Why Open vSwitch?

Reprint from Open vSwitch:

We love the existing network stack in Linux.  It is robust, flexible,
and feature rich.  Linux already contains an in-kernel L2 switch (the
Linux bridge) which can be used by VMs for inter-VM communication.  So,
it is reasonable to ask why there is a need for a new network switch.

The answer is that Open vSwitch is targeted at multi-server
virtualization deployments, a landscape for which the existing stack is
not well suited.  These environments are often characterized by highly
dynamic end-points, the maintenance of logical abstractions, and
(sometimes) integration with or offloading to special purpose switching
hardware.

The following characteristics and design considerations help Open
vSwitch cope with the above requirements.

* The mobility of state: All network state associated with a network
  entity (say a virtual machine) should be easily identifiable and
  migratable between different hosts.  This may include traditional
  "soft state" (such as an entry in an L2 learning table), L3 forwarding
  state, policy routing state, ACLs, QoS policy, monitoring
  configuration (e.g. NetFlow, sFlow), etc.

  Open vSwitch has support for both configuring and migrating both slow
  (configuration) and fast network state between instances.  For
  example, if a VM migrates between end-hosts, it is possible to not
  only migrate associated configuration (SPAN rules, ACLs, QoS) but any
  live network state (including, for example, existing state which
  may be difficult to reconstruct).  Further, Open vSwitch state is
  typed and backed by a real data-model allowing for the development of
  structured automation systems.

* Responding to network dynamics: Virtual environments are often
  characterized by high-rates of change.  VMs coming and going, VMs
  moving backwards and forwards in time, changes to the logical network
  environments, and so forth.

  Open vSwitch supports a number of features that allow a network
  control system to respond and adapt as the environment changes.  This
  includes simple accounting and visibility support such as NetFlow and
  sFlow.  But perhaps more useful, Open vSwitch supports a network state
  database (OVSDB) that supports remote triggers.  Therefore, a piece of
  orchestration software can "watch" various aspects of the network and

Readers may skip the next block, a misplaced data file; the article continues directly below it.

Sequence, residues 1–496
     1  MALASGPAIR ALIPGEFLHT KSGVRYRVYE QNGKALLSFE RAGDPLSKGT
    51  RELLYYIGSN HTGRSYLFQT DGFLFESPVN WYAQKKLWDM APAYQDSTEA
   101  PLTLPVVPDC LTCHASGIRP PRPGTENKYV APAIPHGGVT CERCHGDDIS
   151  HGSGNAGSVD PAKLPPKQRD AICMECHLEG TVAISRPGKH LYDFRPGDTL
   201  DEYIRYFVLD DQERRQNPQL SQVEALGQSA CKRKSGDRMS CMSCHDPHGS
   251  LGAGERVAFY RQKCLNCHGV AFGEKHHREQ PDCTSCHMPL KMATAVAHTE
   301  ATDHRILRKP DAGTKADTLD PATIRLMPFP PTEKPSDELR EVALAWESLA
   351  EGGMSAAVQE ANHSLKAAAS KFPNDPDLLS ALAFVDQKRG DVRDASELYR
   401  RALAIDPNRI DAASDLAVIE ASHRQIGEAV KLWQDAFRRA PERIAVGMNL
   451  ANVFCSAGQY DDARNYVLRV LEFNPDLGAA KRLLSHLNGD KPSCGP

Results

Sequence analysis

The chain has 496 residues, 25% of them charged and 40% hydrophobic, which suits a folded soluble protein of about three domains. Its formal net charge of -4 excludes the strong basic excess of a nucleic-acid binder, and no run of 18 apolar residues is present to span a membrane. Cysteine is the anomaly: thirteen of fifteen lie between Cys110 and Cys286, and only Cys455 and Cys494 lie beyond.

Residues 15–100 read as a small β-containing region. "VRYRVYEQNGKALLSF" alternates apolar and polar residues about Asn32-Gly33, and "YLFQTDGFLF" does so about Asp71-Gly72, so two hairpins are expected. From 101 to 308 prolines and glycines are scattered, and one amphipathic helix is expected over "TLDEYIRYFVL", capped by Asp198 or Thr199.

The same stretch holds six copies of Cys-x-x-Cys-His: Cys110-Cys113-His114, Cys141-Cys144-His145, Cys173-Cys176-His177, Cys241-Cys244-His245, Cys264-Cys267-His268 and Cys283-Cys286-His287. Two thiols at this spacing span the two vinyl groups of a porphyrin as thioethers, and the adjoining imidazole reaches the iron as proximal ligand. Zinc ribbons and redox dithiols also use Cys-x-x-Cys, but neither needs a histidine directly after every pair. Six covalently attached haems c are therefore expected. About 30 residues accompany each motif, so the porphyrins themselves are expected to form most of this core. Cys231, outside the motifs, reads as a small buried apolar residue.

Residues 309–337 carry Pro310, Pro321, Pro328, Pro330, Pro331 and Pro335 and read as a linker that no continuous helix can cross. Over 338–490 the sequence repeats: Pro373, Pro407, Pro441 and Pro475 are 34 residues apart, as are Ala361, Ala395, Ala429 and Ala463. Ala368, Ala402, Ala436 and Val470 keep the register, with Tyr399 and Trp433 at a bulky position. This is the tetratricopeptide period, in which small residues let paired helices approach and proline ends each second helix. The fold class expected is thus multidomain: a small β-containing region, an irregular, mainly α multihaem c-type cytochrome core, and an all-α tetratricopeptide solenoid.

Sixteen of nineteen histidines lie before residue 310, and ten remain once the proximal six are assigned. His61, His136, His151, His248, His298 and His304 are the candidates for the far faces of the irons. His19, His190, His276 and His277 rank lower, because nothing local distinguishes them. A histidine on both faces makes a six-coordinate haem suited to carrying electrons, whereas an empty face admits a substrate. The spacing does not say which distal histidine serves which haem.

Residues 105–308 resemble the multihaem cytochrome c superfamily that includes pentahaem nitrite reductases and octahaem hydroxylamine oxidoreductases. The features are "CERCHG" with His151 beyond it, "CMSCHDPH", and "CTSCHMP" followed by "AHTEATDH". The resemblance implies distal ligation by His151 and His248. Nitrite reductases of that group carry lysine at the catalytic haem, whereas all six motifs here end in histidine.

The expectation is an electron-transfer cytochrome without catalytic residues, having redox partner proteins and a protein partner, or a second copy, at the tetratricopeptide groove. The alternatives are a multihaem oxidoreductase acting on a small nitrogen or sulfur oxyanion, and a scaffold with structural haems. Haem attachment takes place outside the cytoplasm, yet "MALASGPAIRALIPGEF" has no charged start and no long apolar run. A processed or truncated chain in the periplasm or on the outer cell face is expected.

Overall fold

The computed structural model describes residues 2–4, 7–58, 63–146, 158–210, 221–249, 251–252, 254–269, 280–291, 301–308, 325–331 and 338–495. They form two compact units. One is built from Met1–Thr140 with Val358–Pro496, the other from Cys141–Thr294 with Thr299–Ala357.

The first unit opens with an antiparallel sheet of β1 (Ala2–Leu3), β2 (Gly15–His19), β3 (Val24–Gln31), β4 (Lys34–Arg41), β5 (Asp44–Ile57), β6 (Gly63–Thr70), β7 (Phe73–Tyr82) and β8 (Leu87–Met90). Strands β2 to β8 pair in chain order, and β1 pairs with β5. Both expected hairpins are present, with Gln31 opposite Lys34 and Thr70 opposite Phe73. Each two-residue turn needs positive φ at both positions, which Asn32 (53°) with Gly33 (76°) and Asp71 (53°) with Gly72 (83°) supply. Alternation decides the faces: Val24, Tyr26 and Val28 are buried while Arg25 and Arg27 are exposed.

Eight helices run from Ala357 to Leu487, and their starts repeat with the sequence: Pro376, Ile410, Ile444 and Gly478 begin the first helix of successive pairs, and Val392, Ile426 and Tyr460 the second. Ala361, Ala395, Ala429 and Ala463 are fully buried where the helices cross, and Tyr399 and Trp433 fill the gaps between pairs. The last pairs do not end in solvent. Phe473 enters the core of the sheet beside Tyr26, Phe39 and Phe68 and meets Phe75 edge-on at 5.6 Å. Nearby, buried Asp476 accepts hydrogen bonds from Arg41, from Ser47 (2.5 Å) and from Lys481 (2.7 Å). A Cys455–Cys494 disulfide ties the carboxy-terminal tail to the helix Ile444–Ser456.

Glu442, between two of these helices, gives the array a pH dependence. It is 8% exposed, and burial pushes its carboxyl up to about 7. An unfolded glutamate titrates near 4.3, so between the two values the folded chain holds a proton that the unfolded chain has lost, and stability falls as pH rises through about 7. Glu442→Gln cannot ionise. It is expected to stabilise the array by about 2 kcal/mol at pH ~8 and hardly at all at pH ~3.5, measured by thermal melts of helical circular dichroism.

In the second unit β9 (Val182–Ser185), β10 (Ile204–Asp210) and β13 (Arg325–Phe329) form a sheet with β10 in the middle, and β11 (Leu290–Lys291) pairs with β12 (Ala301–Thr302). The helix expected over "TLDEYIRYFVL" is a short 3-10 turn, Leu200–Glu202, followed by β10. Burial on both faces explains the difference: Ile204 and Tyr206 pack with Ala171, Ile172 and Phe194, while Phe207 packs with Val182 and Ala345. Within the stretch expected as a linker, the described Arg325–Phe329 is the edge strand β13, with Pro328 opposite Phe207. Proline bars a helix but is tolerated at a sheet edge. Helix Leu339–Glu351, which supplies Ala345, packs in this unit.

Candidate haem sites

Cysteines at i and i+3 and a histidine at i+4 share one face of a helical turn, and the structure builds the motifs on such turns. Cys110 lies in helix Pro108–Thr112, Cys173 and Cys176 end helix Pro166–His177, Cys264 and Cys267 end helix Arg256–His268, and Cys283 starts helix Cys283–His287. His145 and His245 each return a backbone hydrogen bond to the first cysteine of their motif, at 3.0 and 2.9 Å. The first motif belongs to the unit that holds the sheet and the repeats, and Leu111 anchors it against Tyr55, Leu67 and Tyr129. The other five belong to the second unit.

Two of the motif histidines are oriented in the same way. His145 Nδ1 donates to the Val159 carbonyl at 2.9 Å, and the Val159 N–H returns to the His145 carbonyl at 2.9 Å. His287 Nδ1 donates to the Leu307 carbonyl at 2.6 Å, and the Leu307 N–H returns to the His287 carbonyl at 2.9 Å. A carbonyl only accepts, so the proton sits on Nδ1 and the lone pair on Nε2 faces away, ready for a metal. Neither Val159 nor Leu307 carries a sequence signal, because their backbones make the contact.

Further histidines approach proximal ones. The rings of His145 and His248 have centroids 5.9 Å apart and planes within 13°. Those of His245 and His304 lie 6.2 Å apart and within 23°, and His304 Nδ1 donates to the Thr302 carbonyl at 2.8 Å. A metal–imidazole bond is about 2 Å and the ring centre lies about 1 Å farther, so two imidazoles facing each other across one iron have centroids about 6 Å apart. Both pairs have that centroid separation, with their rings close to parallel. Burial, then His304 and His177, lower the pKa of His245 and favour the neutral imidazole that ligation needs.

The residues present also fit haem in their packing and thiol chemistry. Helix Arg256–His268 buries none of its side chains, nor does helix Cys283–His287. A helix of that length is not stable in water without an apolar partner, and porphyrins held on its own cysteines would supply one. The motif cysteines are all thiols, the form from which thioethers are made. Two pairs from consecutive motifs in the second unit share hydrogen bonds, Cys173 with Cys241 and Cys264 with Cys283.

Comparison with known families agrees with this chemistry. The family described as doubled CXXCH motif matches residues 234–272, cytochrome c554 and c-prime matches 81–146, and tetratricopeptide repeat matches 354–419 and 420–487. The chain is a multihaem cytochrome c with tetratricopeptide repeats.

respond if/when they change.  This is used heavily today, for example,
  to respond to and track VM migrations.

  Open vSwitch also supports OpenFlow as a method of exporting remote
  access to control traffic.  There are a number of uses for this
  including global network discovery through inspection of discovery
  or link-state traffic (e.g. LLDP, CDP, OSPF, etc.).

* Maintenance of logical tags: Distributed virtual switches (such as
  VMware vDS and Cisco's Nexus 1000V) often maintain logical context
  within the network through appending or manipulating tags in network
  packets.  This can be used to uniquely identify a VM (in a manner
  resistant to hardware spoofing), or to hold some other context that
  is only relevant in the logical domain.  Much of the problem of
  building a distributed virtual switch is to efficiently and correctly
  manage these tags.

  Open vSwitch includes multiple methods for specifying and maintaining
  tagging rules, all of which are accessible to a remote process for
  orchestration.  Further, in many cases these tagging rules are stored
  in an optimized form so they don't have to be coupled with a
  heavyweight network device.  This allows, for example, thousands of
  tagging or address remapping rules to be configured, changed, and
  migrated.

  In a similar vein, Open vSwitch supports a GRE implementation that can
  handle thousands of simultaneous GRE tunnels and supports remote
  configuration for tunnel creation, configuration, and tear-down.
  This, for example, can be used to connect private VM networks in
  different data centers.

* Hardware integration: Open vSwitch's forwarding path (the in-kernel
  datapath) is designed to be amenable to "offloading" packet processing
  to hardware chipsets, whether housed in a classic hardware switch
  chassis or in an end-host NIC.  This allows for the Open vSwitch
  control path to be able to both control a pure software
  implementation or a hardware switch.

  There are many ongoing efforts to port Open vSwitch to hardware
  chipsets.  These include multiple merchant silicon chipsets (Broadcom
  and Marvell), as well as a number of vendor-specific platforms.

  The advantage of hardware integration is not only performance within
  virtualized environments.  If physical switches also expose the Open
  vSwitch control abstractions, both bare-metal and virtualized hosting
  environments can be managed using the same mechanism for automated
  network control.

In many ways, Open vSwitch targets a different point in the design space
than the existing Linux networking stack, focusing on the need for
automated and dynamic network control in large-scale Linux-based
virtualization environments.

The goal with Open vSwitch is to keep the in-kernel code as small as
possible (as is necessary for performance) and to re-use existing
subsystems when applicable (for example Open vSwitch uses the existing
QoS stack).  Open vSwitch limits disruption by using existing hooks into
the kernel, so Open vSwitch can be deployed as a module without
requiring any modification to the kernel.
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